Going Once and Leaving
the Net Worth of a Christian
left everything and followed Him”
The Biblical narrative tells us
that Simon Peter, James, and John, having been invited by Jesus to become
“Fishers of Men”, made no preparation whatever to follow Christ. They
left everything ... immediately.
Later, however, we find St. Peter and St. John fishing once again
in an episode almost identical with the first. 1
Each time St. Peter is fishing and each time he comes to recognize Christ
in the middle of his work. He was still simply a “Fisherman” on both
occasions — he had not yet become a “Fisher of Men”. Likewise, on both
occasions, St. Peter's response in recognizing Christ is immediate:
the first time he throws down the net at once and leaves everything,
and the second time he leaps into the water since the boat cannot carry
him fast enough to Jesus.
Eventually St. Peter did indeed leave everything. He tells the man who
begs money of him,
“Silver and gold I have
none; but what I have, I give thee: In the name of Jesus Christ of Nazareth,
arise, and walk.”
2 — and heals the man.
That was after St. Peter gave up on fish and went after bigger things.
We, too, are called to leave everything and follow Christ — and, like
St. Peter, to pursue greater things: the salvation of souls
.. even our own! Most of us are reluctant to do this, for we have little
It really is a matter
of practice. Even now we should be preparing to leave everything
... and, hopefully, to follow Christ — at the hour of our death.
One thing is absolutely
certain: sooner or later we will leave everything. Even the
most obdurate atheist knows this. Whether we will leave it before
we leave it — in other words, whether we will choose to die to
this world before die in this world — die and leave we must,
Like Peter the “Fisherman”, we are engaged in other things when Christ
comes along out of nowhere and calls us to follow Him. St. Peter did
not expect to encounter the Son of God while mending his nets. Neither
will we in the middle of a stock trade, while preparing dinner, or as
we pull up the covers for the night.
“The Son of Man will come
at an hour that you least expect.”
Do you doubt it? Ask St. Peter ... if you could ... or simply look at
today's obituaries, which you can.
Duns Scotus, the great medieval philosopher, theologian, and Franciscan,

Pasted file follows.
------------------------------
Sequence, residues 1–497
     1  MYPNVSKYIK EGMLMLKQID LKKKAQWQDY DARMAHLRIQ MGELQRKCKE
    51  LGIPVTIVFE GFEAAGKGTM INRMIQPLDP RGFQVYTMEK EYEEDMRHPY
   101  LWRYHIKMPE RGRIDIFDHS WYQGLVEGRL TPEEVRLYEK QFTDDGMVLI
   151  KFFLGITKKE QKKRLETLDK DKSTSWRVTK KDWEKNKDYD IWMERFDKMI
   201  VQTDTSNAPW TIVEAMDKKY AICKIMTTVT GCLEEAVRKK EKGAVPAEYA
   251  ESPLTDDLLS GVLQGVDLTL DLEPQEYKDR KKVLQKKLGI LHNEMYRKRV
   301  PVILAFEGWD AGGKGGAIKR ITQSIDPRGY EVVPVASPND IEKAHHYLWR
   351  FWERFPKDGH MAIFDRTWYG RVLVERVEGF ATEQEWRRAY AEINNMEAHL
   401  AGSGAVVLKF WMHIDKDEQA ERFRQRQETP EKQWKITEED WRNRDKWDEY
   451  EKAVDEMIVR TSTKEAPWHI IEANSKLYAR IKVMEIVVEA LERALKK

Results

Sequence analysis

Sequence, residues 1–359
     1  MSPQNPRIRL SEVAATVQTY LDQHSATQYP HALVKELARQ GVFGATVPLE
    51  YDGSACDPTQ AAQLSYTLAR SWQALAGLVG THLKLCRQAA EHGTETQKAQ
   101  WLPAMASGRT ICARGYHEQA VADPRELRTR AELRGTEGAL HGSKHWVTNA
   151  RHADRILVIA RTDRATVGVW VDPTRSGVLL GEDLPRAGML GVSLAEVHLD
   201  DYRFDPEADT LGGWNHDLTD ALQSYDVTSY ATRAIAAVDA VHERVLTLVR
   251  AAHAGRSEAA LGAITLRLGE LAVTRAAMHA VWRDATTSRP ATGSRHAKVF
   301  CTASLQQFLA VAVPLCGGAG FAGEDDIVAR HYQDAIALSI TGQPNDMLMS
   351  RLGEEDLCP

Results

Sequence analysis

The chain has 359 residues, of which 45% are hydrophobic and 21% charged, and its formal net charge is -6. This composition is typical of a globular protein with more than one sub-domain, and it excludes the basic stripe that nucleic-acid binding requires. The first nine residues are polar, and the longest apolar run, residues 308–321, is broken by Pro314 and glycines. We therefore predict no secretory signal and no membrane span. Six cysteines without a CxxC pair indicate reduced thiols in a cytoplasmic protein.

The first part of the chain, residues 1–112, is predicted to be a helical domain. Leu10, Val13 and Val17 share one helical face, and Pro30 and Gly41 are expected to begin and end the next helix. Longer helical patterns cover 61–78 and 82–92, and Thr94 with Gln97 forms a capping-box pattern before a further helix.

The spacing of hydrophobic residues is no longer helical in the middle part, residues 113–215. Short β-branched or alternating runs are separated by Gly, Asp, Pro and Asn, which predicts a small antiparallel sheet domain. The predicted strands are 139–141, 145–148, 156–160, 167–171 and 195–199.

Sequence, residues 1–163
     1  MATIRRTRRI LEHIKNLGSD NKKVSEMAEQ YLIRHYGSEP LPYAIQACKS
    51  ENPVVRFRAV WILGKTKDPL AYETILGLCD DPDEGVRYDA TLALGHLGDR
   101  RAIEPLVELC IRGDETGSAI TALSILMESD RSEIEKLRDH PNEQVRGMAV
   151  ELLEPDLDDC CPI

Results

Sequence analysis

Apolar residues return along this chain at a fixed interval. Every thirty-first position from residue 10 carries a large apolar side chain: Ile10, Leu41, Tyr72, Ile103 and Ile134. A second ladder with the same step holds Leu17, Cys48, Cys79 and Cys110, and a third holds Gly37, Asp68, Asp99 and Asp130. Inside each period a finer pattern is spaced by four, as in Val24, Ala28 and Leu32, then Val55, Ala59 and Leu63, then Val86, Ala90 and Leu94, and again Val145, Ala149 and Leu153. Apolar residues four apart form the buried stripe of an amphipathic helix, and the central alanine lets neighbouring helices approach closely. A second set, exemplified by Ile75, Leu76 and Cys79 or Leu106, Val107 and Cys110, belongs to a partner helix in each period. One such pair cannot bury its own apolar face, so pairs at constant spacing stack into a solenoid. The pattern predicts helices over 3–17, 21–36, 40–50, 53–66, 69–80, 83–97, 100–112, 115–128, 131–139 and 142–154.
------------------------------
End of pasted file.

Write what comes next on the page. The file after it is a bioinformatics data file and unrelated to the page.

has engraved on his tombstone the following:
Semel sepultus, bis mortuus
... “buried once,
Think on it
He died before he died
— to the world, to the flesh, to the devil, to his own willfulness and
selfishness, to his vanity and to his pride. The physical burial, in
a sense was a formality. He was already living in Christ — and
while in the world, was not of the world. Alike, he
knew the City of Man and the City of God. He also knew that
he could not hold this dual citizenship indefinitely, so he renounced
the one altogether. Learning to die, he learned to live. It is the quintessential
paradox of which Christ spoke:
“he that will save his
life, shall lose it: and he that shall lose his life for My sake, shall
find it” 3
Death was no thief in the night to St. Peter or Duns Scotus. Why? There
was nothing to steal. They gave up everything and followed Christ. You
cannot rob a holy man. His only possession is God.
Peter had no practice. He just dove into it — at least once, quite literally.
For the rest of us, it would seem wise to bone up on it while we have
time, to practice leaving before we leave, and to renounce — at least
with our will — everything that cannot and will not accompany our leaving
to follow Jesus Christ. After all, our faith is little. Perhaps even
less than our time.
In other words,
when He comes, and when we leave, will we be mending the net ... or
caught in it?
This is a very real
consideration. Consider it while still you may.
Boston Catholic Journal
St. John 21.3-14
2 (Acts 3.6)
3 Saint Matthew 16.25
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